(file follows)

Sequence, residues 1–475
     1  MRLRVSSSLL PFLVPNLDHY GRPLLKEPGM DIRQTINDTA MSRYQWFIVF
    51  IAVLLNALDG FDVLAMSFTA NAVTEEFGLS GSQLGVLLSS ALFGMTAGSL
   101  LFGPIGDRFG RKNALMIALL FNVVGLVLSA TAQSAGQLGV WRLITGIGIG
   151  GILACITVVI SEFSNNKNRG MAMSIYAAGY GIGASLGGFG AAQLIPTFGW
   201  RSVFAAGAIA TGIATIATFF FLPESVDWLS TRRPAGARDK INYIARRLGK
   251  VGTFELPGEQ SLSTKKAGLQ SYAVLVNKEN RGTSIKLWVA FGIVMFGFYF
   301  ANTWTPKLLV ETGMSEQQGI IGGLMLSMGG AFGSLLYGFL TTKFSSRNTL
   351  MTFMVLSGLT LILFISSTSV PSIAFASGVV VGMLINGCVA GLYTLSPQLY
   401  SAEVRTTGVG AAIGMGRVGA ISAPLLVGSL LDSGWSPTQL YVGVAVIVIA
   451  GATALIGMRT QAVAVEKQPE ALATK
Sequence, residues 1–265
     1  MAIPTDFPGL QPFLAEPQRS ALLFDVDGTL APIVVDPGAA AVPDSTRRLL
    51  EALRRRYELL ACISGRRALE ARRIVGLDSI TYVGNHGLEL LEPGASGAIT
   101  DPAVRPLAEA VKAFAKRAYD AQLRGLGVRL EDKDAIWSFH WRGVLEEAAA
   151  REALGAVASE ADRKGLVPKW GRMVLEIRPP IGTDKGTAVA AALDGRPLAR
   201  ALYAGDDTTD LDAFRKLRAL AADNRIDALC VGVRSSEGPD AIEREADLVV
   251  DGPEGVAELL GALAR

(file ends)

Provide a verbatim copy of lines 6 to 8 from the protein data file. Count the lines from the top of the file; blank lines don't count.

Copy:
   201  RSVFAAGAIA TGIATIATFF FLPESVDWLS TRRPAGARDK INYIARRLGK
   251  VGTFELPGEQ SLSTKKAGLQ SYAVLVNKEN RGTSIKLWVA FGIVMFGFYF
   301  ANTWTPKLLV ETGMSEQQGI IGGLMLSMGG AFGSLLYGFL TTKFSSRNTL